We presently know of about 13,000 Near-Earth Asteroids, including nearly 1000 that are larger than 1 kilometer in diameter. Typical NEAs range from Earth’s general vicinity out to the heart of the Asteroid Belt on each orbit around the Sun. Their orbits typically have inclinations (relative to the plane of the Solar System) of 10 to 30 degrees, eccentricities of 0.2 to 0.6, and orbital periods of about 2 to 4 years. The mean distance of any NEA from the Sun is usually near 2 AU. But the NEAs are a wildly diverse collection of bodies that originated at widely separated locations in the Solar System. The outliers of this population include some truly remarkable nonconformists. One such asteroid is 2014 PP69.
You will recall that the first five characters in an asteroid’s name tell us when it was discovered, in this case in 2014 in the second half of July. This provisional name will be used until there is a long enough history of accurate tracking (usually at least one full synodic period, the time needed to “lap” Earth in its orbit around the Sun), to certify a precise, accurately predictable, orbit. The synodic period is about 2 years for most NEAs. At that time the asteroid will be given a catalog number such as 155629, at which point it will be referred to as 155629 2014 PP69. Once an asteroid has been cataloged the discoverer may propose a name for it, such as Eros or Ceres; let’s call this one Egbert. Then it will be called 155629 Egbert; just plain Egbert to its friends. But the object of this post is just plain 2014 PP69: in the nine months since its discovery there has been no opportunity for it to pass by Earth again, and therefore no chance to assign it a very precise orbit and enter it into the catalog of numbered asteroids. Once the refined orbit is determined, the discoverer of the asteroid gets to give it a name.
So here’s what’s unusual about 2014 PP69: its perihelion distance of 1.25 AU, which qualifies it as an Amor asteroid, contrasts sharply with its aphelion distance of 41.79 AU, well outside the orbits of Neptune and Pluto and well into the Kuiper Belt. Its orbital period is an incredible 99.84 years, longer than that of Halley’s Comet. But that’s not all: the inclination of its orbit is 93.63 degrees, meaning that it orbits almost at right angles to the plane of the Solar System—in fact, the orbit is slightly retrograde, moving around the Sun in a direction opposite to that followed by the planets. The eccentricity of its orbit is 0.942, higher than that of the typical short-period comet. At perihelion, closer to Mars’ orbit than to Earth’s, it is traveling at a whopping 40 kilometers per second.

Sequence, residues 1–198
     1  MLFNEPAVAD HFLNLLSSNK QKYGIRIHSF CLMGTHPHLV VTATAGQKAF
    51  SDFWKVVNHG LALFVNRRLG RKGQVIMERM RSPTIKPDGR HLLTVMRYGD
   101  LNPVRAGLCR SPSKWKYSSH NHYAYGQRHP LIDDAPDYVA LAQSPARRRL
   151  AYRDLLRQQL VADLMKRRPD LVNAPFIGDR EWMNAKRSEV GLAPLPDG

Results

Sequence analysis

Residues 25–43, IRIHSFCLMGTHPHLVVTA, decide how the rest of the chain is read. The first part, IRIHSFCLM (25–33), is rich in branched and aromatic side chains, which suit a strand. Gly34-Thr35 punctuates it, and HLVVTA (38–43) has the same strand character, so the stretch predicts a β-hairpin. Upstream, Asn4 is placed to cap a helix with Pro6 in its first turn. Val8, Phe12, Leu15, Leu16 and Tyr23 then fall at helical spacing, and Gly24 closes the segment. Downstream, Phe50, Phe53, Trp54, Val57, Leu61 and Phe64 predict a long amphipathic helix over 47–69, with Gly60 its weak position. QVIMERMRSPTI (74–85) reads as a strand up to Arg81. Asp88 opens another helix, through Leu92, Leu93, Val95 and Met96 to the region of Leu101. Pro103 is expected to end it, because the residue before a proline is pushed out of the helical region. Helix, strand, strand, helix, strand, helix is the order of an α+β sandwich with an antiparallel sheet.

What do we know about the asteroid itself? Almost nothing. The discovery images show that it has a visual (H) magnitude of 20.17, which, by the crude “rule of thumb” used for newly discovered NEAs (an assumed average albedo of 0.14; 14% reflectivity in visible light) corresponds to a diameter of about 330 meters. However, the orbit is cometary, suggesting that a more realistic albedo would about 0.035. If it’s that bright and that black, then its cross-section area must be four times as large, and its diameter twice as large, as this crude guess would suggest. That implies eight times the volume and about eight times the mass, raising the question of its impact hazard. The good news is that, despite its large size and kinetic energy, the point at which it crosses the plane of Earth’s orbit is far outside our neighborhood.
The body is almost certainly of cometary composition, similar to the Centaurs and the Kuiper Belt bodies and to short-period comets. A reasonable guess would be that it is about 60% by mass ices and about 40% rock, which in turn contains perhaps 5-10% of organic matter, mostly complex polymers.
Sending a spacecraft to visit 2014 PP69 would be extremely difficult because of its very high relative velocity. And then there is the problem that the next optimal launch opportunity is a century off.
How soon will 2014 PP69 qualify for a catalog number? On its next pass through the inner Solar System we will have an opportunity to track it again with such a long span of observations (a century!) that a very accurate orbit can be calculated. That will be in the year 2114. The bad news is that the discoverer will no longer be alive to exercise the option of naming his baby!